FortiGuard Labs Threat Update
FortiGuard Labs has been actively monitoring efforts by attackers around the world to scan for and locate devices vulnerable to recently revealed flaws in the F5 BIG-IP/BIG-IQ family of application availability, access control, and security solutions. In addition, we have identified multiple instances of new proof of concept code being posted to known sites that could be used to exploit these vulnerabilities, further demonstrating the need to apply patches quickly.
F5 BIG-IP is an application delivery controller (ADC) used for load balancing and facilitating the movement of web traffic to its destination, and BIG-IQ provides centralized management to analyze the health, performance, and availability of the F5 application delivery and security portfolio.
Twenty-one vulnerabilities were identified in the March 10, 2021 Security Advisory. Of those, the following four vulnerabilities were identified by F5 as Critical:
CVE-2021-22987 (CRITICAL Severity – CVSS score: 9.9)
CVE-2021-22986 (CRITICAL Severity – CVSS score: 9.8)
CVE-2021-22991 (HIGH Severity – CVSS score: 9.0)
CVE-2021-22992 (HIGH Severity – CVSS score: 9.0)
Technical Details Around F5 Vulnerabilities
As of now, only CVE-2021-22986 has been identified as being actively exploited in the wild. However, this may change given the number of new POCs currently being posted.
Here is a basic technical overview for each of the four most critical vulnerabilities:
This vulnerability allows an unauthenticated user to perform remote command execution to a vulnerable appliance. An unauthenticated attacker can execute arbitrary system commands, create or delete files, and disable services which ultimately can lead to full system compromise. Ultimately, unpatched systems are susceptible to full control of an attacker. Compromise of this appliance can allow an attacker to not only have full control of the appliance, but to use the vulnerability as a foothold for later access, allowing the threat actor to cause further damage, such as the exfiltration of credentials, disruption of services, and ultimately the delivery of malware to vulnerable machines on the victim network such as, but not limited to, ransomware via command execution.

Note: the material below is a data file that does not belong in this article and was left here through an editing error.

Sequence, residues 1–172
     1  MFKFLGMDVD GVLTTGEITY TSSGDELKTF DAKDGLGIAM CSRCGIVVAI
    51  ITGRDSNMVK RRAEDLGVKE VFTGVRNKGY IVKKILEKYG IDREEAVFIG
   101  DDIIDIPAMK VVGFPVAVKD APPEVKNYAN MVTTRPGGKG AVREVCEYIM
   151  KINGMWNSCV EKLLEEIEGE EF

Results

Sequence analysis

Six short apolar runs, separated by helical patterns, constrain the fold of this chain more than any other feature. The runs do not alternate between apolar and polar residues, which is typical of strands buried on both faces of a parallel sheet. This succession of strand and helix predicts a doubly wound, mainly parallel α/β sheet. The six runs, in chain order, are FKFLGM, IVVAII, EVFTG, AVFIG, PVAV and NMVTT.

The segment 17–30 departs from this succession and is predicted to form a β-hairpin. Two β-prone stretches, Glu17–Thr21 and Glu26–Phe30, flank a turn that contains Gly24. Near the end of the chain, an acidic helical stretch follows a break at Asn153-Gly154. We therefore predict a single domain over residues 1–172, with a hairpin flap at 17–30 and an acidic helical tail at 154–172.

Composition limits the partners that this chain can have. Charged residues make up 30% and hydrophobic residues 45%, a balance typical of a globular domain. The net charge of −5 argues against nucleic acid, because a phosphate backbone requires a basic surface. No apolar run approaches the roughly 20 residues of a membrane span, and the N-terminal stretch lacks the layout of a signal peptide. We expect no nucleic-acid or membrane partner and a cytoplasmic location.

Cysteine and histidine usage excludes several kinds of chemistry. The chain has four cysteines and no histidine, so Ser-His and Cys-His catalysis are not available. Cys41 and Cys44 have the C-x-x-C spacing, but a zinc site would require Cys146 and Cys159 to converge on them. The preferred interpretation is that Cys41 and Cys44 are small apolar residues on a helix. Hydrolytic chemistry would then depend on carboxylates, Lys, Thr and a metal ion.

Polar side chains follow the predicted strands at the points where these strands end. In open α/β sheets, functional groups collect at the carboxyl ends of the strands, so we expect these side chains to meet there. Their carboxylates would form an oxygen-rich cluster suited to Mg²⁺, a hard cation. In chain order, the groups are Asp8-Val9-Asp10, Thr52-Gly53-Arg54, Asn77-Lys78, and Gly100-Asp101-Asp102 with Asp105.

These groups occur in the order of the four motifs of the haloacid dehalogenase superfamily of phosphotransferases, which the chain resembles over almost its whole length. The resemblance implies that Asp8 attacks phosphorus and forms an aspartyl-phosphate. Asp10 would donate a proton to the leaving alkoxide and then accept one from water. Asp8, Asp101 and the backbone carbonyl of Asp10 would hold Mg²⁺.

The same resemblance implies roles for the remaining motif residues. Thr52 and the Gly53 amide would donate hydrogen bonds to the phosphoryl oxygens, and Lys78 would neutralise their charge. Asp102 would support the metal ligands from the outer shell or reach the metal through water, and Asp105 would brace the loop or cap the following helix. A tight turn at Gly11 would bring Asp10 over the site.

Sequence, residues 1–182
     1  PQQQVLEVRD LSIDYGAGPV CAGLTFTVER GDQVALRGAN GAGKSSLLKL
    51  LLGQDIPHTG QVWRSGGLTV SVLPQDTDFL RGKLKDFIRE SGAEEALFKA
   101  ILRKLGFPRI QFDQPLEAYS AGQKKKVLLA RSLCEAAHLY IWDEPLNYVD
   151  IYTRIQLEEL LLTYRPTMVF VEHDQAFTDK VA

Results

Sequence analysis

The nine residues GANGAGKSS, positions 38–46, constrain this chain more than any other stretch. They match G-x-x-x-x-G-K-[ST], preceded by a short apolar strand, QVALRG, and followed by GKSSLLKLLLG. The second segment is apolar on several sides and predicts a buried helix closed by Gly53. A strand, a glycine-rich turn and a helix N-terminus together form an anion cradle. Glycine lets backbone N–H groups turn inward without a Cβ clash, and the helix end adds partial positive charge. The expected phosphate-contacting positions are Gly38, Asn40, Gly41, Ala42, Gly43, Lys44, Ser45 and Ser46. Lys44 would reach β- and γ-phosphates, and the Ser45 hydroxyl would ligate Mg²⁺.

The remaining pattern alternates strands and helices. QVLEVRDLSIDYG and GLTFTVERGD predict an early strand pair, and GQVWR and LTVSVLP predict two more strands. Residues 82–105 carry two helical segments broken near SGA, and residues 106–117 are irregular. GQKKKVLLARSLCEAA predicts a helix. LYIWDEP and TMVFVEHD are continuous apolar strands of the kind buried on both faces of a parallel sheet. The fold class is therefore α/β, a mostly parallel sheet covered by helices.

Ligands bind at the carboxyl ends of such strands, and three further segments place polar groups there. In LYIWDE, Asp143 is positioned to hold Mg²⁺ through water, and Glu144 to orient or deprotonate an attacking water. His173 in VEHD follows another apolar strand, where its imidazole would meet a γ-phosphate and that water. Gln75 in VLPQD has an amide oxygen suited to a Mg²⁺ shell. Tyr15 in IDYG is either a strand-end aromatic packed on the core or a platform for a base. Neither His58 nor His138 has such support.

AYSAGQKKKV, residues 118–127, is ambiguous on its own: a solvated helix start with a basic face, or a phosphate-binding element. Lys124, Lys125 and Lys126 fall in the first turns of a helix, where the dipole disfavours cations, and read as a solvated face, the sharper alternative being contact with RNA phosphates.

This vulnerability allows authenticated users with network access to the Configuration utility, through the BIG-IP management port, or self IP addresses, to execute arbitrary system commands, create or delete files, or disable services. This vulnerability can only be exploited through the control plane and cannot be exploited through the data plane. Exploitation can lead to complete system compromise and breakout of Appliance mode.
This buffer overflow vulnerability exists in the Traffic Management Microkernel (TMM), where undisclosed requests to a virtual server may be incorrectly handled. This can lead to a buffer-overflow that can result in a DoS attack.
A malicious HTTP response to an Advanced WAF/ASM virtual server with Login Page configured in its policy may trigger a buffer overflow, resulting in a DoS attack. In certain situations, it may allow remote code execution (RCE), leading to complete system compromise.
Advisories on F5
The U.S. Cybersecurity and Infrastructure Agency (CISA) is urging organizations with BIG-IP and BIG-IQ deployments to immediately address the vulnerabilities found in CVE-2021-22986 and CVE-2021-22987.
F5 recommends that all customers apply all available patches from the March 2021 update immediately. Patches were released for all 21 vulnerabilities on March 10, 2021. Additional information was issued by F5 on March 17, 2021.
Customers running current (IPS) definitions are protected by the following:
CVE-2021-22986 – "F5.iControl.REST.Interface.Remote.Command.Execution"
CVE-2021-22991 – "F5.BIG.IP.TMM.URI.Normalization.Buffer.Overflow"
CVE-2021-22992 – "F5.BIG.IP.ASM.HTTP.Response.Header.Buffer.Overflow"
CVE-2021-22987 – Coverage for CVE-2021-22987 was deemed not feasible at this time due to lack of detail. Regarding mitigation for this specific vulnerability, please visit the vendor bulletin titled "K04532512: Frequently asked questions for CVE-2021-22986, CVE-2021-22987, CVE-2021-22988, CVE-2021-22989, and CVE-2021-22990.”
F5 recommends the following temporary mitigations for any CVE unable to be patched:
Block iControl REST access through the self IP address
Block iControl REST access through the management interface
The potential for damage to daily operations and reputation, along with the potential for the unwanted release of data and the disruption of business operations is high. Because of this, it is critical that Fortinet customers keep all AV and IPS signatures up to date. It is also important to ensure that all known vendor vulnerabilities within an organization are addressed once available, and updated on a regular basis to protect against attackers establishing a foothold within a network.
FortiGuard Labs is continuously looking for published proof of concept code related to this event. We will update this Threat Update and the FortiGuard Threat Signal with further updates as they become available.